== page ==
Has the attention of the right hon. Gentleman been called to a statement by the Chairman of the National Dock Labour Board which, I understand, appears in the evening Press, openly criticising not only the action the Government took last night but their whole handling of this strike? Is it not undesirable, and likely to do great damage, that there should be this open wrangle between the Government and a body appointed by the Government? In view of the seriousness of the situation I ask the Prime Minister whether, if on consideration we feel that this could only be improved by some opportunity for the House to discuss it, he would be willing, through the usual channels, to afford the facilities?

The Prime Minister

I would gladly consider that with right hon. Gentlemen opposite to see whether it would be useful at this juncture.

Sir John Anderson

Arising out of the statement of the Minister of Labour, I should like to ask him or the Prime Minister three questions. Does he or does he not agree that the Dock Labour Board, in the communiqué that they issued yesterday, were acting within their competencé unaffected by the Emergency Regulations? Secondly, is it not self-evident that when a body of men deliberately and obstinately persist in violating the clear conditions of a scheme under which they are employed, that scheme is inevitably placed in jeopardy? And in that connection, may I ask the right hon. Gentleman how the action of the Government in the early hours of this morning is to be reconciled with the reply that the Minister of Labour gave on 4th July to my right hon. Friend the Member for Saffron Walden (Mr. R. A. Butler) in the course of which he said this: The men must realise that by their present conduct they may be imperilling the future of the Dock Labour Scheme."—[OFFICIAL REPORT, 4th July, 1949; Vol. 466, c. 1797–8.] Thirdly, do right hon. Gentlemen realise that the action taken in the early hours of this morning, at which I personally was aghast—[HON. MEMBERS: "Speech."]—has been interpreted—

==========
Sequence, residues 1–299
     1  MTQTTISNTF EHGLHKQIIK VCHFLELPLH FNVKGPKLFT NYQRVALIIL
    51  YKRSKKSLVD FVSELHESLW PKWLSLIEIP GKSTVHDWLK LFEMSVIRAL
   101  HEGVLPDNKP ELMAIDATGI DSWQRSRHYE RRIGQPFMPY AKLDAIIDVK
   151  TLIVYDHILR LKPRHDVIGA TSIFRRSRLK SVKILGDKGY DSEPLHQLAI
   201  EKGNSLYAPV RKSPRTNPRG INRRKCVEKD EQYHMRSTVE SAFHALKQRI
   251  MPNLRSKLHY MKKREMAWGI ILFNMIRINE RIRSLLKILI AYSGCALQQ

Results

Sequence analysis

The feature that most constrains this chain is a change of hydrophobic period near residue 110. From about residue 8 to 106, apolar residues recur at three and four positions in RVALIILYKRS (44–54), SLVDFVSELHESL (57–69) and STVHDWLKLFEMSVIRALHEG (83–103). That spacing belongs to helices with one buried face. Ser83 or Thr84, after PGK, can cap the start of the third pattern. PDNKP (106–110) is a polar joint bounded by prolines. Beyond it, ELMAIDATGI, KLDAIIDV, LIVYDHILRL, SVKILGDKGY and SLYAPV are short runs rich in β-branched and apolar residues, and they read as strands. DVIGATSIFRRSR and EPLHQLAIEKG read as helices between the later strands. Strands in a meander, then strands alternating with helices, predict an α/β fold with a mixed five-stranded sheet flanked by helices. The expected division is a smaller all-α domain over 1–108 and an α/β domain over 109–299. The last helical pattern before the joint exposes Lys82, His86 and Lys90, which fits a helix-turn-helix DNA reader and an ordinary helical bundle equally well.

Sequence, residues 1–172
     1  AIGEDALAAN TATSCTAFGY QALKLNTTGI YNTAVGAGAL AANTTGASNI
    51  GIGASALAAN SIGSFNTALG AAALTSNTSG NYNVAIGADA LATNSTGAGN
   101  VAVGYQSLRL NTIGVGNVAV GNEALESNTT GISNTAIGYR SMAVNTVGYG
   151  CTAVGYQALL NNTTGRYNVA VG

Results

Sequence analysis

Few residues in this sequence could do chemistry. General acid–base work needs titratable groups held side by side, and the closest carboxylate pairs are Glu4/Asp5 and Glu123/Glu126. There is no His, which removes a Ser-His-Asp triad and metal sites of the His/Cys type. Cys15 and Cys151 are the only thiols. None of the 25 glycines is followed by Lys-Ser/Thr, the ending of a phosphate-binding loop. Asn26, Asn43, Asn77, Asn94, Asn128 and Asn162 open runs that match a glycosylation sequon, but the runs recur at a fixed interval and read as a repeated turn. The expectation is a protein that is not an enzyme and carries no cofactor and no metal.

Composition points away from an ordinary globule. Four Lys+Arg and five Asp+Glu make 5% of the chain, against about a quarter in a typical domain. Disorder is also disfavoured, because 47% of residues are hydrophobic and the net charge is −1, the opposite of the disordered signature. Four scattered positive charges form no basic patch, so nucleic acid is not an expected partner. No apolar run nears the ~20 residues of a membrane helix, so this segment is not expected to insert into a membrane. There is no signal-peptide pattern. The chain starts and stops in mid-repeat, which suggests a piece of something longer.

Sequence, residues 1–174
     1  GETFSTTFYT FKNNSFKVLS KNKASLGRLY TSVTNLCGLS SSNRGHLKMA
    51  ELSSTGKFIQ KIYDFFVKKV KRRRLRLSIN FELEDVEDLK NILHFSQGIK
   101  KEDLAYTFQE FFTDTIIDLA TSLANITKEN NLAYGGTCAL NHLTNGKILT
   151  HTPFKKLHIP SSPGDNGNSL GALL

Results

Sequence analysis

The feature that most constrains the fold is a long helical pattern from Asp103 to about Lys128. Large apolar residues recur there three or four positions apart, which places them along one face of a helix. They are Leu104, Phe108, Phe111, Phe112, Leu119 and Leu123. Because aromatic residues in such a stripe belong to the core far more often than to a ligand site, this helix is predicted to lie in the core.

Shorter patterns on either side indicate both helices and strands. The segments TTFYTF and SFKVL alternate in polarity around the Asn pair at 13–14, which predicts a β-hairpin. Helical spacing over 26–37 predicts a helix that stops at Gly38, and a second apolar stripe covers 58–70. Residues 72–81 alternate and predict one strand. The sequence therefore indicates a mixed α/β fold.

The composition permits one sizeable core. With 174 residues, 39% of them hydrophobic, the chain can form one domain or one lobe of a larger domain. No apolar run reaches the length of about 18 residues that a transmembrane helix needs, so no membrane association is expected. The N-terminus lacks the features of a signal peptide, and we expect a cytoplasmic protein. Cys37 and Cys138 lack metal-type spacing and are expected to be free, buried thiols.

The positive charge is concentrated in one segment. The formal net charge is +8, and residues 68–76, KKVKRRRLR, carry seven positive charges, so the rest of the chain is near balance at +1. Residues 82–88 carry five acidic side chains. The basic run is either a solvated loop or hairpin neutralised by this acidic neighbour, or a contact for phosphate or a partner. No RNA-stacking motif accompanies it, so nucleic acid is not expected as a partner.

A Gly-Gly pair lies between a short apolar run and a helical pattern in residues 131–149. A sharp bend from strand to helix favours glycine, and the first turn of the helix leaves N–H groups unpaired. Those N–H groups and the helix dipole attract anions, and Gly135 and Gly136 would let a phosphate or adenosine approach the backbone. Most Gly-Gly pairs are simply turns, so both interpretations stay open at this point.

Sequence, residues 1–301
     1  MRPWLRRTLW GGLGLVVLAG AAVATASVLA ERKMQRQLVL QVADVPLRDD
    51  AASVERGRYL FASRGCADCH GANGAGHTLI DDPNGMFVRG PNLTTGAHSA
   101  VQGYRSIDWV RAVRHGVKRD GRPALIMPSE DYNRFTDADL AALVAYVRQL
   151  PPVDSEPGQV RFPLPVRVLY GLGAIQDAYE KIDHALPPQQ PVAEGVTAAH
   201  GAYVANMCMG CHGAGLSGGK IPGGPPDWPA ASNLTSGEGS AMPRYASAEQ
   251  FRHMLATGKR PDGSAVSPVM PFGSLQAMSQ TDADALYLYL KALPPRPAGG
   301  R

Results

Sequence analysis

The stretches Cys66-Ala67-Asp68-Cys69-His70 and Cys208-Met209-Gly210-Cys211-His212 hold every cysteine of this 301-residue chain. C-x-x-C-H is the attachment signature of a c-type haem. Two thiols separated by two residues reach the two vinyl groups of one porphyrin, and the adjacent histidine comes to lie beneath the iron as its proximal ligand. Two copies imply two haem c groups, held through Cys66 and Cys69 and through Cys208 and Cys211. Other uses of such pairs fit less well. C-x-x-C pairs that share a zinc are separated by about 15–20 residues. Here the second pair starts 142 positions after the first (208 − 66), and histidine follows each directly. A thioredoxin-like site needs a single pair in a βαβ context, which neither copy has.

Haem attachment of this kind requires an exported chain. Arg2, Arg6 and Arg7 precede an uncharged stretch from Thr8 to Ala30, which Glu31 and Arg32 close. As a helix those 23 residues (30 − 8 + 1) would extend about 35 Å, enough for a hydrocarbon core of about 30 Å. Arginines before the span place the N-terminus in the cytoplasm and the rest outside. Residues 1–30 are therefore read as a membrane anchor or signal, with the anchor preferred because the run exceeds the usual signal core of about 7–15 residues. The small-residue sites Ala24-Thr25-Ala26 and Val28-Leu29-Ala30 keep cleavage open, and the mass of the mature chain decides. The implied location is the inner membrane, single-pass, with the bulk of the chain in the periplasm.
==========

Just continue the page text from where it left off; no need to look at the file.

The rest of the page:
Mr. Gallacher

Suppose I tried that?

Sir J. Anderson

—and is bound to be interpreted, as a weakening on the part of the Government?

Mr. Isaacs